In the age of smart phones and the Internet of Things, the way people get their news is continually evolving, and the journalism industry is constantly working to improve the experience and convenience of news consumption.
The College of Engineering, the Reynolds Journalism Institute (RJI) and Trulaske College of Business team up each year to crown top student projects in this field. The winner of this year’s RJI Student Competition developed a way to deliver the news as you snooze, in a manner of speaking.
This year’s challenge was to utilize smart home technologies such as the Amazon Echo or Google Home to make news more accessible for users. Team Six Flags — junior Yongyu Deng, Electrical Engineering and Computer Science; Journalism majors Danting He, Ningyuan Hu and Yinting Yu; and Economics major Zhebin Weng — took home the top prize for their app, NewSnooze.
NewSnooze uses Raspberry Pi and Google Assistant technology to fill the snooze cycle of a user’s morning alarm with personalized local news and advertisements. Frequent snoozing, according to experts, disrupts a person’s natural sleep cycle and can lead to an unshakable feeling of grogginess during the day. NewSnooze aids the wake-up process by keeping the body from falling into a new, abruptly short sleep cycle, and provides the user with information of importance while doing so.
Local ads can be integrated into the stream, and the team’s survey of 50 local businesses showed that 81 percent would be interested in advertising through their platform or something similar.
“We were concerned about the sleep cycle, and we wanted to wake people up more efficiently while delivering information,” Deng explained. “We made a lot of adjustments through the whole process. Using Raspberry Pi gave us the freedom to do more of what we wanted.”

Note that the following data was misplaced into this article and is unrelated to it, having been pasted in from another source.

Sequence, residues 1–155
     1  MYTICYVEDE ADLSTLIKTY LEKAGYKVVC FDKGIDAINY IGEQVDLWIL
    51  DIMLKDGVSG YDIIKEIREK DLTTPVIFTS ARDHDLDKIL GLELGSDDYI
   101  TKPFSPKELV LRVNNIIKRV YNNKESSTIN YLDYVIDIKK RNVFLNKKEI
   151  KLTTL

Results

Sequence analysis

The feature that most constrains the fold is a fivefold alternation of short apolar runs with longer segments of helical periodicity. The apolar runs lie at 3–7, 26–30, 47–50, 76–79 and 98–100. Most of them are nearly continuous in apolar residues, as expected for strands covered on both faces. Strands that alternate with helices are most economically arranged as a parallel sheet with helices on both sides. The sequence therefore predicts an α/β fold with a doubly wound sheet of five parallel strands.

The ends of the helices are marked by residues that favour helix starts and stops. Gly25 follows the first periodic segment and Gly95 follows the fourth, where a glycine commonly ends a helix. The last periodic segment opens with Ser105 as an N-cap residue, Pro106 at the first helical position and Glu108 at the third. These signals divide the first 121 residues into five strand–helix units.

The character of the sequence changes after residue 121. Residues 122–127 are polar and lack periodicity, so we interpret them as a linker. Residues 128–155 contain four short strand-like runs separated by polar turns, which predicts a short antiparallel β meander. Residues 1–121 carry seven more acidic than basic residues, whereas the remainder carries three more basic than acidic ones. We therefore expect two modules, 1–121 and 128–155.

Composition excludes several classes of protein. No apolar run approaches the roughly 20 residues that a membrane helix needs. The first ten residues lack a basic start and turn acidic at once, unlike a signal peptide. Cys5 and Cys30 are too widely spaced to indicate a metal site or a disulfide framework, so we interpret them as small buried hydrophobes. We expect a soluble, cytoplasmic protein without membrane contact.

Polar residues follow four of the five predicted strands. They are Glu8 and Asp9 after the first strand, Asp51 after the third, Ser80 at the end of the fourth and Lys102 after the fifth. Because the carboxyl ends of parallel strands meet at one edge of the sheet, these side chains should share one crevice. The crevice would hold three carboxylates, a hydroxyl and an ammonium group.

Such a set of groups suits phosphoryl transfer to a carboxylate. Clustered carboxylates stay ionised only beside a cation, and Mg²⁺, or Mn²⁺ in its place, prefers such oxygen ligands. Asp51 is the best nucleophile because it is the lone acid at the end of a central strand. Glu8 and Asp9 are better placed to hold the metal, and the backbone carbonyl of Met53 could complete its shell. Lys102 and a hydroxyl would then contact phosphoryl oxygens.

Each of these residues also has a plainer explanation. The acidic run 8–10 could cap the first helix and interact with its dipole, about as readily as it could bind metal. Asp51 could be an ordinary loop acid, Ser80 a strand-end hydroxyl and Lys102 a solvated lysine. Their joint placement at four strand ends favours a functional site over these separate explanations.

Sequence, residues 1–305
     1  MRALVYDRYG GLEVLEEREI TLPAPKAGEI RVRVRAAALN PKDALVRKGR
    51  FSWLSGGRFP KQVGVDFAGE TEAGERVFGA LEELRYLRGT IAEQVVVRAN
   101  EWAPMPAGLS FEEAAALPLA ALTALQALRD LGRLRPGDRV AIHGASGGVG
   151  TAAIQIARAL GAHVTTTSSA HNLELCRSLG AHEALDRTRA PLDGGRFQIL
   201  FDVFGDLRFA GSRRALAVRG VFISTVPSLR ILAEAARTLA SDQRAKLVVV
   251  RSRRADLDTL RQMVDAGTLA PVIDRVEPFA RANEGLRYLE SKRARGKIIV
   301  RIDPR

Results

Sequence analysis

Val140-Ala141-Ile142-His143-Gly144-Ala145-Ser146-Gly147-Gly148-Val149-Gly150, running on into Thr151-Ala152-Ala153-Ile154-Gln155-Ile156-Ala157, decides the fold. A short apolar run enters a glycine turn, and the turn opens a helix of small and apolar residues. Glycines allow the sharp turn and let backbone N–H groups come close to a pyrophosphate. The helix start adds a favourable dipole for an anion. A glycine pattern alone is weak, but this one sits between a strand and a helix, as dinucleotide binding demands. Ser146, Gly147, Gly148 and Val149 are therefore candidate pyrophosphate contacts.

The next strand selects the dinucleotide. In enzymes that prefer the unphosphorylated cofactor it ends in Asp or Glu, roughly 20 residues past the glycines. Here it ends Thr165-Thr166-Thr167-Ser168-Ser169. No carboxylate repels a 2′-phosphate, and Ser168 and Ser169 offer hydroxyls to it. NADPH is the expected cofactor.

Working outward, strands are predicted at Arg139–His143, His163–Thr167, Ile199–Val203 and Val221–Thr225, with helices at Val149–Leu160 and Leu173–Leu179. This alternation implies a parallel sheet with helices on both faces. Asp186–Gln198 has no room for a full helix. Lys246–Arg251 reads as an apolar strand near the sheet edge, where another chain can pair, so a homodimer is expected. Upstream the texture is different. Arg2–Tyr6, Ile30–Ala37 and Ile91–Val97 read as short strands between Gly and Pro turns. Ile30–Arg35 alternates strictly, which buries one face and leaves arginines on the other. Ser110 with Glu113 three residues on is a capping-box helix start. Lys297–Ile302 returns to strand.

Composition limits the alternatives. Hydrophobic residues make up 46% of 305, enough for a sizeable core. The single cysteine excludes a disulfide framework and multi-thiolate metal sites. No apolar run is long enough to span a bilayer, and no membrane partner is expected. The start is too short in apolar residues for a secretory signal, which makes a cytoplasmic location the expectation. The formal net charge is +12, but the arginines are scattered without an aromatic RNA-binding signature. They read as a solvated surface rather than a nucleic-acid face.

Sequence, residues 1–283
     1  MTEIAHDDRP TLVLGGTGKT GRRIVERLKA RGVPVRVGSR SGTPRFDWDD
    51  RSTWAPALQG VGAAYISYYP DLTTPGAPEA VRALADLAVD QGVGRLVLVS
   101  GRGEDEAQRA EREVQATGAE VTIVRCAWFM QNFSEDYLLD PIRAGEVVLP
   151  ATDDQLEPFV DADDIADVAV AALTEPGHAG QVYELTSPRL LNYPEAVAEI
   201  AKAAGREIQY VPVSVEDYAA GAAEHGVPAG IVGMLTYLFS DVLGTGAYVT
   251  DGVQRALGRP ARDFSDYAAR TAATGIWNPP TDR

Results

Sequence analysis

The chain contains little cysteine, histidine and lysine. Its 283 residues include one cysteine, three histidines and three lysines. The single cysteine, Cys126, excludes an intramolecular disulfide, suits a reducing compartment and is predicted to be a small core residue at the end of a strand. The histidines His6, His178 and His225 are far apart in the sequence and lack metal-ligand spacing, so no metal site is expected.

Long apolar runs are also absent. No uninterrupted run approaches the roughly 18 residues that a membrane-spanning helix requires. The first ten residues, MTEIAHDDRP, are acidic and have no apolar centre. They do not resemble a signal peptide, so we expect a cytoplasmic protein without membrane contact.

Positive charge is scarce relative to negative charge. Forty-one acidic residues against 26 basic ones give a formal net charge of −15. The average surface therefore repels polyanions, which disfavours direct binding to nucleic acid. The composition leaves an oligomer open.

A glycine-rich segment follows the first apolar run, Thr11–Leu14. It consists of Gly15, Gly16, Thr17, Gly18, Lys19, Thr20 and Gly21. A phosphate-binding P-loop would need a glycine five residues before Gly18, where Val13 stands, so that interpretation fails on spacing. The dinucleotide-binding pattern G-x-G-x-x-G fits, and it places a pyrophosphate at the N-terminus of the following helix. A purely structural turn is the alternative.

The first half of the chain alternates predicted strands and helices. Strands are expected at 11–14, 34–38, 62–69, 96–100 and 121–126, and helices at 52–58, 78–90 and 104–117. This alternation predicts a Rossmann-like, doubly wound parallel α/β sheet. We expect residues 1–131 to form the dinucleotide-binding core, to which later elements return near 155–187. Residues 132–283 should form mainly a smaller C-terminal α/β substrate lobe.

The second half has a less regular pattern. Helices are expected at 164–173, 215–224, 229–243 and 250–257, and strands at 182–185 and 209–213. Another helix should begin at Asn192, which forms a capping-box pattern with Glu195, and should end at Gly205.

NewSnooze edged out fellow finalists Spectra, which claimed the top spot at the TigerHacks hackathon last fall, and Team Wiper’s SoNews for first place.
Spectra aggregates content from news sources worldwide and translates it seamlessly into English to give English-speaking news consumers greater access to reporting from global sources. Team Spectra included Engineering students Jacob Sokora and Jonah Zukosky and Journalism students Brian Dugan and Alex Ring.
SoNews utilizes the Amazon Echo to allow users to integrate easy social media sharing of reports they hear on the device. Its development team, Team Wiper, was comprised of Engineering student David Dean, mathematics major Isabella Thomas and Journalism students Elizabeth Smith and Colton Vaughan.
“Better News for the Smart Home was our theme this year, and Missouri Journalism, Business and Engineering students brought their best ideas forward,” Ebony Reed, student competition co-coordinator and director of innovation and the RJI Futures Lab, told the Reynolds Journalism Institute. “The students’ enthusiasm and creativity were evident in their ideas and desire to help move journalism forward for news producers and consumers on smart and connected devices.”
Team Six Flags will head to Boston later this year to meet with experts in media and technology. They hope to add features that monitor sleep patterns and rouse users during a time of light sleep in the morning.